Why Deadly Premonition is a cult hit (and should stay that way)
As celebrated as Deadly Premonition is, it’s still a largely underplayed game. Early reviews from sites like IGN and Game Critics belabored it, criticizing what they called the “worst driving simulation of this console generation” (true) and deeming its controls “a bad version of what you get in Resident Evil” (also true). But they also condemned the humor for sounding tactless and off-cue; the town for looking “cheerless”; and the writing for being terrible. They’re wrong.
Admittedly, Deadly Premonition is a partially broken game. The otherworld segments that put the main character, Francis York Morgan, in combat situations are often a pain to endure. Zombie-like corpses rise from shadow spots and grab ahold of York, and as frightening as this can be (they move awkwardly and certainly do enough damage), they’re even more annoying to kill. And once you’ve fought one, you’ve basically fought them all. Some even respawn ad infinitum, which can make health management a nightmare. Picking up items that are lying on the ground in the otherworld is risky because if your inventory is full and enemies come near, you have to scroll through a canned text message before you can react.
The game has its fair share of treacherous glitches, like the “disappearing story key” bug and the steering problem that occurs when you’re driving too fast downhill. What probably bothers me most, though, is running, which eats up your stamina. It’s a joke that in later parts of the game, when you have to traverse long distances on foot as part of a key scene, this meter is completely removed.
While much is monotonous, the final stretch is a major deviation from the rest of the game, with York facing three bosses in a row (which are the only actual bosses I remember). But Deadly Premonition is far from disappointing or bad, even if the graphics are poorly rendered, the music is obsessively overplayed, and driving (and wasting time) is a regular activity.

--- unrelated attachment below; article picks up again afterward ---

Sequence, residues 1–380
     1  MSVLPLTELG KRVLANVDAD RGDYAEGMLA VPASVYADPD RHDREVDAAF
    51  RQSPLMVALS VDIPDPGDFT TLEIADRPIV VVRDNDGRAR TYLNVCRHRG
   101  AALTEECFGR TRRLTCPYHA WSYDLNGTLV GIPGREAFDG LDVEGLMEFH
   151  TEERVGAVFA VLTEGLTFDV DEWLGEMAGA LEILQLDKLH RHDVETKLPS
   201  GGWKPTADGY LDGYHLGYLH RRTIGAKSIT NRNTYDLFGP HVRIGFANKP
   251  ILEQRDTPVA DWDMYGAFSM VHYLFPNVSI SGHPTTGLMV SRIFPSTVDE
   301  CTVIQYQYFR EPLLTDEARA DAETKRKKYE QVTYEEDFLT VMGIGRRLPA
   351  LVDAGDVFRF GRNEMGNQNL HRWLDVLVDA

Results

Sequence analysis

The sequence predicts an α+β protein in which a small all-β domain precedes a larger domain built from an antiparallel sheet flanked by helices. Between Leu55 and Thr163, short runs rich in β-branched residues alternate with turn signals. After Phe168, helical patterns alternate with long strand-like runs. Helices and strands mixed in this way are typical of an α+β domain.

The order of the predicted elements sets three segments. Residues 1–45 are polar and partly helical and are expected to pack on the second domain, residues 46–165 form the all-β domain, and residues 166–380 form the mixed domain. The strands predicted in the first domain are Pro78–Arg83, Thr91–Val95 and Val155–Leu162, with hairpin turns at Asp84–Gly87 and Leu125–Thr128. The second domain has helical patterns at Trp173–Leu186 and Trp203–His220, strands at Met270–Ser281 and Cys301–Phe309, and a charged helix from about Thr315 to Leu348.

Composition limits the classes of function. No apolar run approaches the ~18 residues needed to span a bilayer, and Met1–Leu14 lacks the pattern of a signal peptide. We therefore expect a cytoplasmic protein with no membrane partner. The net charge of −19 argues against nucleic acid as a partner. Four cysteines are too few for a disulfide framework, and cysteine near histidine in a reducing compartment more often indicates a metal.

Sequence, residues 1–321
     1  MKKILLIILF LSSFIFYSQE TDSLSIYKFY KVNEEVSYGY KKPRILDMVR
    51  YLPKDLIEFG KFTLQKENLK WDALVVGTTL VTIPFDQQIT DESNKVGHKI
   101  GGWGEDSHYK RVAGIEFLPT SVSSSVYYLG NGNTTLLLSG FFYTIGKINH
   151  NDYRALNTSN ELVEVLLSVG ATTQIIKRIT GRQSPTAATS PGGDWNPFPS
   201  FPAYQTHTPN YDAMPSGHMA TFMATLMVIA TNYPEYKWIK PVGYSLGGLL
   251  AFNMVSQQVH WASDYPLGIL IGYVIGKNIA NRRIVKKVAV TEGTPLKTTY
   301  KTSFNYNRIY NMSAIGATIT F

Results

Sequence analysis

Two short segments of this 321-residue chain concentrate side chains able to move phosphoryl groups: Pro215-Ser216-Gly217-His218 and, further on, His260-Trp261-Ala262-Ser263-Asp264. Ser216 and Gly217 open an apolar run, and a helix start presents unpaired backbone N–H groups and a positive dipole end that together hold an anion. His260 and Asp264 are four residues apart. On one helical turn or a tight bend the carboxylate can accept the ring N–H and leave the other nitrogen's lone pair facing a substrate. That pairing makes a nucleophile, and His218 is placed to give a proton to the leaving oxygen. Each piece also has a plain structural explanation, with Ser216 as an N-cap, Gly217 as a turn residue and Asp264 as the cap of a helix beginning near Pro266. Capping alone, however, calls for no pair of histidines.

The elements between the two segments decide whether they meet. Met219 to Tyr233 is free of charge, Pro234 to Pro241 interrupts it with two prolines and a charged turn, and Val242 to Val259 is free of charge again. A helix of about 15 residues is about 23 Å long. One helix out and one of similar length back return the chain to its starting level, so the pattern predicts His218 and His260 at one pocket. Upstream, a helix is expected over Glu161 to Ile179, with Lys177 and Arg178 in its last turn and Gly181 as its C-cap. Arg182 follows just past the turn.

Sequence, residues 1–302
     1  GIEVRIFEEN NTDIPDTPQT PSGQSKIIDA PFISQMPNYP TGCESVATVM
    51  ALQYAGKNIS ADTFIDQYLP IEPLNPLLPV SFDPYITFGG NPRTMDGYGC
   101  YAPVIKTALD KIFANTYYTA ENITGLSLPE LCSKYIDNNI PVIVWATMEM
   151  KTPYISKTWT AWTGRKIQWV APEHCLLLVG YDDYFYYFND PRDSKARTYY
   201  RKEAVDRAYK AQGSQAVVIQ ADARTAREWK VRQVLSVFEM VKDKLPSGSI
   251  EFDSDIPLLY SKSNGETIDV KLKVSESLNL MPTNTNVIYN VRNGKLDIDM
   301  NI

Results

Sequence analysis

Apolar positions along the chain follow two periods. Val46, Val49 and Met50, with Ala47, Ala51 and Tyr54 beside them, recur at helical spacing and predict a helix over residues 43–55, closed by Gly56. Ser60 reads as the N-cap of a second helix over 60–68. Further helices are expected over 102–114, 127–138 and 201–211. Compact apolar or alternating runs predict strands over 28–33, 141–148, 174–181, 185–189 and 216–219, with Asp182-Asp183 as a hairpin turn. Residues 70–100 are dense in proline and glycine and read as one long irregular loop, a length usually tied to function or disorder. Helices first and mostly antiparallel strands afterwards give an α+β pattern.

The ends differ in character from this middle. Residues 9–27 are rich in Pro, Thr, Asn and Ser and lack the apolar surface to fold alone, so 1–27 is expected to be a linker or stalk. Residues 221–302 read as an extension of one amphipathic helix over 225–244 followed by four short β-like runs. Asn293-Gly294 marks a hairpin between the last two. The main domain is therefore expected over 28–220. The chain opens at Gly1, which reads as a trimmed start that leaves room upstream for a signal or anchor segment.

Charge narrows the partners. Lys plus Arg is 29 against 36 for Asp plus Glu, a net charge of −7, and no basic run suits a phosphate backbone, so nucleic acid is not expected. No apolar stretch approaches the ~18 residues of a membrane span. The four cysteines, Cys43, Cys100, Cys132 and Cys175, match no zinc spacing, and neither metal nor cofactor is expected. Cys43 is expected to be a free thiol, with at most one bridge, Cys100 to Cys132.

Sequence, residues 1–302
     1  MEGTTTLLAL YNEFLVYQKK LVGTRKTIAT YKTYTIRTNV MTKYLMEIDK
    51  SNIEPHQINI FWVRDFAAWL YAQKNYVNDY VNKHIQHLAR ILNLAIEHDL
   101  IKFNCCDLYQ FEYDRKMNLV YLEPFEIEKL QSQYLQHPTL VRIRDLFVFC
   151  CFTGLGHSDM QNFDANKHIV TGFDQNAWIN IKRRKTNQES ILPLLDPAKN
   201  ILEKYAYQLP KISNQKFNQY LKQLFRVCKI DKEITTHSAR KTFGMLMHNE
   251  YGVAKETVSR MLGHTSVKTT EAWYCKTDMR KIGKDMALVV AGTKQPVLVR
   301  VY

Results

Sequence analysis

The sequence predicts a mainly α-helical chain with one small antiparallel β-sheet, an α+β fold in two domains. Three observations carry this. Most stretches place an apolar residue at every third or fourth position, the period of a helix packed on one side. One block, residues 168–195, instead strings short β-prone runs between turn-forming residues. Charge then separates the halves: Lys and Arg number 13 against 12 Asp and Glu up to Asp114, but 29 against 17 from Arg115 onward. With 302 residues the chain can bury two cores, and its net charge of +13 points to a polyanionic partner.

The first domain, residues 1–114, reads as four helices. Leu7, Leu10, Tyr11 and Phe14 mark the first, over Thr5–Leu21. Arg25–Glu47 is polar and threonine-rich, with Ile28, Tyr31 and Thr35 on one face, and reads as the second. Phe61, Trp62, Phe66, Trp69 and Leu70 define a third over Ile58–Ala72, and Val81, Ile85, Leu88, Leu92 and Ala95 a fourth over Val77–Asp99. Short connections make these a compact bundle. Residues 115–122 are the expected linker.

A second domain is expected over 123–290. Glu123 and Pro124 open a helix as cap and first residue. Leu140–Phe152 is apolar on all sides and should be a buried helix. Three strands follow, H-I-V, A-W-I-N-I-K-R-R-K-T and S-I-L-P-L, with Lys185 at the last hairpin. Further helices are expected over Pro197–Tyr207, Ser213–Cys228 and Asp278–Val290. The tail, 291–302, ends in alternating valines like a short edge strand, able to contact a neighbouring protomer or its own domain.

This is a game that’s both endearing in its low-budget quality and brilliant in its story and characters, including the town of Greenvale. York is a fascinating protagonist – he’s never once unbelievable, even if certain… qualities about him are a bit extreme. He compliments every headshot you make, and he earns “Agent Honor” for completing simple tasks like saving the game, changing suits, and shaving. He’s the supposedly “big-shot” FBI agent who takes over a small town but never once makes us dislike him. He’s soft at heart but practical when it comes to solving the case, and even though the lives of the townspeople slowly but surely fall apart, he remains focused. Up until the very end, he can’t help but make one final Hollywood-inspired comment – not because he’s a cocky hero or doesn’t care, but because he’s committed to the good in the world: a simple love of movies, beautiful women (whom he’s hopelessly bad with), and the boyhood companionship of someone named “Zach.”
York is painfully human. So are the characters that surround him: George and Emily, two police officers who accompany him on most of the investigation. They clash at first but eventually accept and open up to one another; even more minor characters, like Thomas, Carol and Diane, and Olivia and Nick are carefully crafted. They don’t just exist because of York; he’s the one walking into their lives, which carry on despite him.
Greenvale is very much an active town. People might not wander the streets, but their folklore – about not going outside during the rain – explains much of their absence. Other times, they’re driving around in cars or tending to their day-to-day responsibilities. You can spend a lot of time interacting with these people on the side, in between the main missions.